My other "thriller" reading recommendation is the Trixie Belden series. These were the books that I read over and over from age 10 to age... okay I still occasionally pick one up. Trixie Belden is a teen girl sleuth, much like Nancy Drew, or Veronica Mars. (I actually don't know anything about Veronica Mars, I just have been told by lots of people that I would really like the show and that I should watch it, so someday I will, this is just a nod to them.) Only, Trixie Belden solves her mysteries in jeans and tennis shoes, not pumps and a pencil skirt, Trixie does not drive a car, she has to get rides from her mom or in her brother's jalopy, and she babysits. I identified with her as a teenager. Also, she has blond curly hair, and I wanted that... still want that.

And now I feel like I need to redeem myself by provide other reading recommendations from Absent's library that are not formulaic and predictable, because I am neurotic enough to worry that some reader might disengage themselves after realizing that I enjoy pulp fiction. (Please don't go!)


We, Robert A. Johnson
The Frog Prince, Stephen Mitchell
Answer to Job, C.G. Jung
The Heart Is a Little to the Left, Essays on Public Morality, William Sloan Coffin
Nice Girls Don't Get the Corner Office, Lois P. Frankel
Eats Shoots and Leaves, Lynne Truss
The Hero with a Thousand Faces, Joseph Campbell
Parallel Myths, J.F. Bierlein


The Haunting of Hill House, Shirley Jackson
Metamorphoses, Ovid
The Once and Future King, T.H. White
Just So Stories, Rudyard Kipling
Till We Have Faces, C.S. Lewis
Persuasion, Jane Austen
The Blue Castle, L.M. Montgomery
A Wrinkle in Time, Madeleine L'Engle
The Giver, Lois Lowry
Summerland, Michael Chabon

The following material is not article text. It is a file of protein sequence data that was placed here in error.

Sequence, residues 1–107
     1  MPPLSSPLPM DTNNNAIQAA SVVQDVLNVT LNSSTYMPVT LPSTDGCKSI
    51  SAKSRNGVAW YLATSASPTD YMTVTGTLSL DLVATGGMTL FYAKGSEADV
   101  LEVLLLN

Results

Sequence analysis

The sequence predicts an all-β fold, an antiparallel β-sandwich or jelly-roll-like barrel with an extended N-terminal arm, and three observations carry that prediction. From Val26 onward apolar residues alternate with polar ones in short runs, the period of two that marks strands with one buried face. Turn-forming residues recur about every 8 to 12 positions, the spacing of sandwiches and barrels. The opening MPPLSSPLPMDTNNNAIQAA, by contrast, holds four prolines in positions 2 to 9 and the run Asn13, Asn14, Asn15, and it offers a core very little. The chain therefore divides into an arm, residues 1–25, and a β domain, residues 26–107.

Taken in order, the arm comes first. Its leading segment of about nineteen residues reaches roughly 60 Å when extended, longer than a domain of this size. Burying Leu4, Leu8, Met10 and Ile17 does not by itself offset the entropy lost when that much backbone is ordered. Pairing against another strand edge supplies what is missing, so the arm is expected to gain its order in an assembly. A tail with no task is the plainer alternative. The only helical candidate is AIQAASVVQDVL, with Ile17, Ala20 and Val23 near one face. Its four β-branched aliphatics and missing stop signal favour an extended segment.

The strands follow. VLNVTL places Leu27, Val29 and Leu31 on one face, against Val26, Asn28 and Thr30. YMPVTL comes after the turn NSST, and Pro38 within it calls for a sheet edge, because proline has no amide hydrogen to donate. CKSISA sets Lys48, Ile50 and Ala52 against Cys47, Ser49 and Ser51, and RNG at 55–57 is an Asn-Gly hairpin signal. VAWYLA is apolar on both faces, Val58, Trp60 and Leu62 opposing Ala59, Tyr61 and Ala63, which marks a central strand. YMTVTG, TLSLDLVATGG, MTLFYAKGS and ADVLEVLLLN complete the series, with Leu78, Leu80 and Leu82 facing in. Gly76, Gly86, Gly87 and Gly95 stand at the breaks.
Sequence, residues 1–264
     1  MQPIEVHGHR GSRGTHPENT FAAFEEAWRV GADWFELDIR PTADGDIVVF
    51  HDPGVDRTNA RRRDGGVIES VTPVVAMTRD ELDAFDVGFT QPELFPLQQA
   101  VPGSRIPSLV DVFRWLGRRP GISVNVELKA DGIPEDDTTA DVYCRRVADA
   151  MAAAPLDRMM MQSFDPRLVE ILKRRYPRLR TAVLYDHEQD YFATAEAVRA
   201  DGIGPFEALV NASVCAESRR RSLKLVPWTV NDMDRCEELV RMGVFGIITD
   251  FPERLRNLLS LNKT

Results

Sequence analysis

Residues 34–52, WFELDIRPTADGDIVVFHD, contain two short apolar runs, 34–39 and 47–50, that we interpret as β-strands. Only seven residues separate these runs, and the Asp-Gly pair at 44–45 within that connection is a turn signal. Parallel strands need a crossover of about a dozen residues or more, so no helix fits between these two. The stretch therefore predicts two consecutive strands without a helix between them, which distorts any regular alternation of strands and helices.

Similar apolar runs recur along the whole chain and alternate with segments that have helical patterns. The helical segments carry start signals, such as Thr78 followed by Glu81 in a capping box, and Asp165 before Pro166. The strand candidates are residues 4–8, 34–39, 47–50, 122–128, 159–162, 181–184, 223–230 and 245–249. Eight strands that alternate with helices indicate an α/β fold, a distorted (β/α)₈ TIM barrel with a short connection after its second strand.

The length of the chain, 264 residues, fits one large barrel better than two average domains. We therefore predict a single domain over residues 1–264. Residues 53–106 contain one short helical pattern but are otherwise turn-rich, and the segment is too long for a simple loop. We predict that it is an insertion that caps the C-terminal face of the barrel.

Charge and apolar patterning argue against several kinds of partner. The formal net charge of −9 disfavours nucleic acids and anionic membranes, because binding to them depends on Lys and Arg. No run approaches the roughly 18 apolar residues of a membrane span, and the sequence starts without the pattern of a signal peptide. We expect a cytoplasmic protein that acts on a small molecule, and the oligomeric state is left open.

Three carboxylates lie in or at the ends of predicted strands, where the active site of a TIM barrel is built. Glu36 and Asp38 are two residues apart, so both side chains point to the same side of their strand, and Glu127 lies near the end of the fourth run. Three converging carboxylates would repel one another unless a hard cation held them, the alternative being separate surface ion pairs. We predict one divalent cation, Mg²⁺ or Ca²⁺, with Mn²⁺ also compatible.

The Rose Daughter, Robin McKinley
Holes, Louis Sachar
A Long Way from Chicago, Richard Peck
A Year Down Yonder, Richard Peck
Stargirl, Spinelli
Freak the Mighty, Rodman Philbrick
Frindle, Andrew Clements

And of course, the Harry Potter series, J.K. Rowling, The Lord of the Rings, J.R.R. Tolkien, and Mary Stewart's Arthurian Saga.


Briam said...

"Reading hangovers"! I get those all the time. My coworkers think I do drugs, but now I have a technical term to throw back at them.

Absent-minded Secretary said...

Glad I could help... hey, don't you work at a school? Wouldn't it be very bad for your co-workers to think that you do drugs.

Briam said...

Well, no formal accusations have been made, but I would think I was on drugs if I were me. More to worry about is what my 3rd graders think. But they know to stay out of my way before recess. My real problem is that I'm competing with other adults who start their days with a large pot of caffeine. In other words, It appears I'm on drugs because I'm not.

Nemesis said...

I must admit, I'm a sucker for some Amelia Peabody. But I haven't read any of the newer train-wreck stuff.

Absent-minded Secretary said...

I used to be a Peabody fan too, but now I just wish there were more Vicky Bliss stories. Glad to see you are a fellow Peters fan! :)